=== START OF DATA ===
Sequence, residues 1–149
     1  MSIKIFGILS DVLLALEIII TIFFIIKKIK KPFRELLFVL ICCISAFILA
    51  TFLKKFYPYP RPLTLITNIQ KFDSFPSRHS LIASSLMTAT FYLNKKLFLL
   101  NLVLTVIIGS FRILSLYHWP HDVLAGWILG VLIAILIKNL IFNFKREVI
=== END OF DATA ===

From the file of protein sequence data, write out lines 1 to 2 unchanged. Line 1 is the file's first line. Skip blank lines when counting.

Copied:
Sequence, residues 1–149
     1  MSIKIFGILS DVLLALEIII TIFFIIKKIK KPFRELLFVL ICCISAFILA